Each data for all the cube root of the corresponding compliance (C) are plotted verses crack length a (see Figure 7(a)). Parameters of Equation (2) can be then measured as 0.0027 for m and −7.2 for. By substituent these parameters in Equation (1), the fracture toughness can be calculated as 11.7 J/m2 at maximum load P and corresponding displacement δ. The value of fracture toughness is low as the delamination occurs through core material MDF not at facesheet/core interface; this is clearly shown in Figure 8. The deboning between layers of composite laminates and MDF is very good therefore, modes of failure is opening mode (see Figure 7(a)). The delamination through MDF plates clearly appears because the upper and lower layers of the glass fiber reinforced epoxy laminates are deeply diffused MDF plate thickness. The low strength of MDF material returns to presence of medulla in sugarcane bagasse [32] .

The sugarcane bagasse fiber braking matrix cracking is shown in Figure 7(b). Strength distribution for through thickness deboning decreases from outer surface to the depth of the inner thickness surface. The predicted J- integral of fracture is shown in Figure 9, and give value equal to nearly 12 (J/m2). This value is much closed to the measured one. The fracture mode is similar to that of XFE-VCCT obtained as it is illustrated in PHILSM and STATUSXFEM image of XFEM Figure 9(a), Figure 9(b).

6. Conclusion

The coating process performed on commercial MDF is achieved with help of glass fiber reinforced epoxy. The fracture toughness of debonding strength at glass fiber reinforced epoxy resin laminates/MDF core interfaced is stronger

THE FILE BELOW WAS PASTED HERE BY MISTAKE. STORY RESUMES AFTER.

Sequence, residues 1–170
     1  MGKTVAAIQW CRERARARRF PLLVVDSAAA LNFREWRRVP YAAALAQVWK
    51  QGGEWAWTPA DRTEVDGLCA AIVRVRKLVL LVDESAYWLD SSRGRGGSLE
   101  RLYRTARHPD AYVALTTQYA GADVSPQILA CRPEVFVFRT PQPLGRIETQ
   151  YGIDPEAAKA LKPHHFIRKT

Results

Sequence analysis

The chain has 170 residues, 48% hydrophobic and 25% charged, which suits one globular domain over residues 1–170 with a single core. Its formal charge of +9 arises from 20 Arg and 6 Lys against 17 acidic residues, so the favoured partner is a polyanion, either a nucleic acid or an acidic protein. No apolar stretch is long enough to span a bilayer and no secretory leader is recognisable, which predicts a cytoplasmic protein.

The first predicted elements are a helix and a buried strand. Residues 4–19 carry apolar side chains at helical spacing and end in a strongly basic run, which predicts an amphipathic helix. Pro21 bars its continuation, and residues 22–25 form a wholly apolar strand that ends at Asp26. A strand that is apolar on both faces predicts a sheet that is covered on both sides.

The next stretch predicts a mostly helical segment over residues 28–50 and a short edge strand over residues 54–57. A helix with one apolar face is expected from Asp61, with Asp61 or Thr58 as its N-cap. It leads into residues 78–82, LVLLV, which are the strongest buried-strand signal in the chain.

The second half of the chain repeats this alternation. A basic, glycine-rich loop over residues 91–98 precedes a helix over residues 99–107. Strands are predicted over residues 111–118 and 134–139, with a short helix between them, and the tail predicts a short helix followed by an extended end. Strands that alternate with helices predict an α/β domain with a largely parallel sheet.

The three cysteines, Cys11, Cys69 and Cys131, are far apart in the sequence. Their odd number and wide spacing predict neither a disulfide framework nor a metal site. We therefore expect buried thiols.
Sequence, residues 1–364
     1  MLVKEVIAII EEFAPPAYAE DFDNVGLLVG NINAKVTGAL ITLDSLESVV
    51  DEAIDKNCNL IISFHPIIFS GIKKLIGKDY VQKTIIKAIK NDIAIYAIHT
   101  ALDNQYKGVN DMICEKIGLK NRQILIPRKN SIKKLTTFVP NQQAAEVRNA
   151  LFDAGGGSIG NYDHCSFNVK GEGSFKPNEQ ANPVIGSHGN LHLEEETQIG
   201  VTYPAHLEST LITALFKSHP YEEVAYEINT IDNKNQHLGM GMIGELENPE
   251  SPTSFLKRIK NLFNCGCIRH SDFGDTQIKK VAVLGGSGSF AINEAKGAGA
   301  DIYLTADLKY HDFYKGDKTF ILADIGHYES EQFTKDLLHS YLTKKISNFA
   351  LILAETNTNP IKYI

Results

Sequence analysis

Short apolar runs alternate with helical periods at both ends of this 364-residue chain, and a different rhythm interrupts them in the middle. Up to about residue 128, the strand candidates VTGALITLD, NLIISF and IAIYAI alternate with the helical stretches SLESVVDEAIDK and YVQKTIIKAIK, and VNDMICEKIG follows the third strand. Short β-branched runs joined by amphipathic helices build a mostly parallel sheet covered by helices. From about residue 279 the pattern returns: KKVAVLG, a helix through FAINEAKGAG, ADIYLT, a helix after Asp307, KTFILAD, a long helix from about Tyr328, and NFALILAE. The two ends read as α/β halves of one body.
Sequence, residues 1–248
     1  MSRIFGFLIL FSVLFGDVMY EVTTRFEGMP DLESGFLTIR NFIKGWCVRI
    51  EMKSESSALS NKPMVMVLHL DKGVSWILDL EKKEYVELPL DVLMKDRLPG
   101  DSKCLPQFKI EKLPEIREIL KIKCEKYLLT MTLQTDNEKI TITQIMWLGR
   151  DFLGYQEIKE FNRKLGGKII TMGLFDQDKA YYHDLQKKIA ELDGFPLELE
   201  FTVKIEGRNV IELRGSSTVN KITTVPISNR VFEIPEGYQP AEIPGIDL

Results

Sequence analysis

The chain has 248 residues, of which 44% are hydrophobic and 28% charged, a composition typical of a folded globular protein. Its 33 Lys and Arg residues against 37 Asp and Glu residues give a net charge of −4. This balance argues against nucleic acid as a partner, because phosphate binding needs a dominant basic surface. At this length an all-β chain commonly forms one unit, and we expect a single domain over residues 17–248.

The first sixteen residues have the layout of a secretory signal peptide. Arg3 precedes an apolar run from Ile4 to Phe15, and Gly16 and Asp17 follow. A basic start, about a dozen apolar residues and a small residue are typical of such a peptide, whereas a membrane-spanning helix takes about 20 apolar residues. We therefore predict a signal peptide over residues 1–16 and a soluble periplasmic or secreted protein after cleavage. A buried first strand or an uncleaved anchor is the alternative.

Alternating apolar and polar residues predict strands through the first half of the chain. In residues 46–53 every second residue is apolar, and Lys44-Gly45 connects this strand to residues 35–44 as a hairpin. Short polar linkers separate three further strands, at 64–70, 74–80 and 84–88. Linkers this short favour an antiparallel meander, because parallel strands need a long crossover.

Figure 7. Delamination test set up. (a) Through thickness crack; (b) SEM analysis of fracture face.

Figure 8. Predicted J-integral of mode I fracture.

than the debonding of core material itself based on urea formaldehyde resin. These results come from that delamination is created through MDF center. Therefore, the modified MDF as wood material based on facesheet/core technique is good for increasing MDF field of applications not in furniture only. The X-FE analysis based on VCCT is considered new and acceptable for prediction and simulation of delamination for facesheet/core material with the

Figure 9. X-FEM contour. (a) PHILSM; (b) STATUSXFEM.

help of LEFM and cohesive zone parameters. These results established that polymer epoxies material give good compatibility with both glass fiber and MDF. The modified sandwiched technique for MDF as Facesheet/core material is confirmed to be good compatible and increasing bonds.

Conflicts of Interest

The authors declare no conflicts of interest.


[1] Maloney, T. (1996) The Family of Wood Composite Materials. Forest Products Journal, 46, 18.
[2] Murri, G.B. (2014) Effect of Data Reduction and Fiber-Bridging on Mode I Delamination Characterization of Unidirectional Composites. Journal of Composite Materials, 48, 2413-2424.
[3] Comninou, M. (1990) An Overview of Interface Cracks. Engineering Fracture Mechanics, 37, 197-208.
[4] La Saponara, V., Muliana, H., Haj-Ali, R. and Kardomateas, G.A. (2002) Experimental and Numerical Analysis of Delamination Growth in Double Cantilever Laminated Beams. Engineering Fracture Mechanics, 69, 687-699.
[5] Suo, Z. (1990) Singularities, Interfaces and Cracks in Dissimilar Anisotropic Media. Proceedings of the Royal Society of London A: Mathematical, Physical and Engineering Sciences, 427, 331-358.
[6] Ratcliffe, J.G. and Reeder, J.R. (2011) Sizing a Single Cantilever Beam Specimen for Characterizing Facesheet-Core Debonding in Sandwich Structure. Journal of Composite Materials, 45, 2669-2684.
[7] Sobhani, M., Khazaeian, A., Tabarsa, T. and Shakeri, A. (2011) Evaluation of Physical and Mechanical Properties of Paulownia Wood Core and Fiberglass Surfaces Sandwich Panel. Key Engineering Materials, 471-472, 85-90.
[8] Mohammed, Y., Mohamed, K. and Hashem, A. (2010) Finite Element Computational Approach of Fracture Toughness in Composite Compact-Tension Specimens. International Journal of Mechanical and Mechatronics Engineering, 12, 57-61.
[9] Alsoufi, M.S., Abdellah, M.Y., Abdel-Jaber, G., Fahmy, H.S. and Hashem, A. (2015) Finite Element Simulation of Mechanical Behaviour of Sandwiched Medium Density Fibre Board. American Journal of Science and Technology, 2, 86-91.